Back on the bikes the next day heading to the Best Western Moses Lake. Ron and I stopped at the Grant County Museum where garage sale items from a hundred years ago, come to rest. The rack of comic books brought back memories! Another sunny, warm day…..until we hit a gravel road that went on MUCH longer and rougher than expected. The group was somewhat traumatized by it all, but it set the bar for the upcoming gravel sections that were relatively more manageable. Variety! 

Day 3 took us to farming country, riding along fields of amber waves of grain and bright yellow canola. Today, the winds were behind us and the sun was on our faces on our way to Ritzville. This was my favourite place. Wiki Ritzville and you’ll see why. The town is void of people but full of charm and hope! A Carnegie Library, a movie theater, iron works of art at every corner, a railroad museum shows that there is great potential. We talked with the one person on the street. I think the iron sculpture could have been him! The one and only survivor. He told us that Carnegie did donate the Library building, but not until the town purchased all the books! Carnegie was no fool!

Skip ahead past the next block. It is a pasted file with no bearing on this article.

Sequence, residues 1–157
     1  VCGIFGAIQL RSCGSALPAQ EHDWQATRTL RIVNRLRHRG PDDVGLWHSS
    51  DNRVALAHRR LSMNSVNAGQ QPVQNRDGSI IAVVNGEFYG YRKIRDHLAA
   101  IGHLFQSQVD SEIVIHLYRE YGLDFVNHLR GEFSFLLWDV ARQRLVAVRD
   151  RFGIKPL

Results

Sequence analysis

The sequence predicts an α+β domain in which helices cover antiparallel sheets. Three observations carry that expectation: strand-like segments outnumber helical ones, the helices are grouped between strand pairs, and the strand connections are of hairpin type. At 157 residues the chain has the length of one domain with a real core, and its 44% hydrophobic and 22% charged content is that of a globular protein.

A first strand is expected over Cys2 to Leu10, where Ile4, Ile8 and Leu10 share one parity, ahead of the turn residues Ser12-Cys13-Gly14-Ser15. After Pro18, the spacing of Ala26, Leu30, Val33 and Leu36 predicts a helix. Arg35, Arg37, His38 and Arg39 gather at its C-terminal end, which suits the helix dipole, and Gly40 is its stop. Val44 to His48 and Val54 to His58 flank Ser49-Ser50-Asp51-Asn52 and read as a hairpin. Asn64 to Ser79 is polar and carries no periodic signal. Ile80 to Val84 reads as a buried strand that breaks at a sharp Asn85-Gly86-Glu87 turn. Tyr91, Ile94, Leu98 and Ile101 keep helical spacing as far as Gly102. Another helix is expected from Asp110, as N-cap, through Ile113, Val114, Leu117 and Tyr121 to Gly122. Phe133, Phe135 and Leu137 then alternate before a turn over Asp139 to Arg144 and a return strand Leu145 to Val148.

We are already on our 4th day of riding as we head into Spokane County Washington on our way to Cheney. We passed through a town called Sprague where very old farm trucks, and Volkswagen vans are parked on all 5 blocks. Again, not one human in sight but some beautiful antique vehicles which excited most of us! I wanted to phone Steven Spielberg to tell him to come if he needed some old trucks for his next movie! 

The day continued with a tail wind and a gradual, long climb along the sage brush landscape, and into Cheney where we suddenly crossed into a beautiful Ponderosa Pine forest area. Some had lunch in the park adjacent to the Eastern Washington University where the Seahawks have their summer training camps.

We’re into our 5th Day of riding…it’s a long one (100km) and the temperature is dropping quickly, it’s threatening rain, there’s more gravel and all the coffee shops are closed as we head to Harrison, Idaho! There was one coffee shop on the way which is closed on Saturdays and I contacted them through Facebook Messenger and asked them if they would open for us …… And they did!! Hats off to What-a-Kitchen in Fairfield, Idaho! He didn’t think we’d be riding that day as the weather was not favourable. He does not know how tough we CCCTS members are!!

We continued on and reached the Coeur d’Alene Trail, an abandoned rail trail that led us to our next stop, Harrison Idaho, our home for the next three nights at the Lakeview Lodge. According to my calculations, Harrison has the most ice cream shops per capita in the world! It’s population is 203 people, and there are 6 ice cream shops (that I found)…. Ice cream is big business in Harrison …. Again…VARIETY! Unfortunately, when we arrived, we were so cold that ice cream was the last thing we wanted!! But we had one the next day when it warmed up!